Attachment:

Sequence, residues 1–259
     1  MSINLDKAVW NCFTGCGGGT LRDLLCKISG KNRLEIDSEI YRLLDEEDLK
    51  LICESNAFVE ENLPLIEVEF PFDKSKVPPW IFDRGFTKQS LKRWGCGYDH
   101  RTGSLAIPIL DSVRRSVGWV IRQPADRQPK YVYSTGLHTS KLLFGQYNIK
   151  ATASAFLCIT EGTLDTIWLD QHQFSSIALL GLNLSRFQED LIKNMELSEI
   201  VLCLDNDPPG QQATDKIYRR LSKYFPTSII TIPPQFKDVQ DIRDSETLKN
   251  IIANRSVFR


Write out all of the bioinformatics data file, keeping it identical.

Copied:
Sequence, residues 1–259
     1  MSINLDKAVW NCFTGCGGGT LRDLLCKISG KNRLEIDSEI YRLLDEEDLK
    51  LICESNAFVE ENLPLIEVEF PFDKSKVPPW IFDRGFTKQS LKRWGCGYDH
   101  RTGSLAIPIL DSVRRSVGWV IRQPADRQPK YVYSTGLHTS KLLFGQYNIK
   151  ATASAFLCIT EGTLDTIWLD QHQFSSIALL GLNLSRFQED LIKNMELSEI
   201  VLCLDNDPPG QQATDKIYRR LSKYFPTSII TIPPQFKDVQ DIRDSETLKN
   251  IIANRSVFR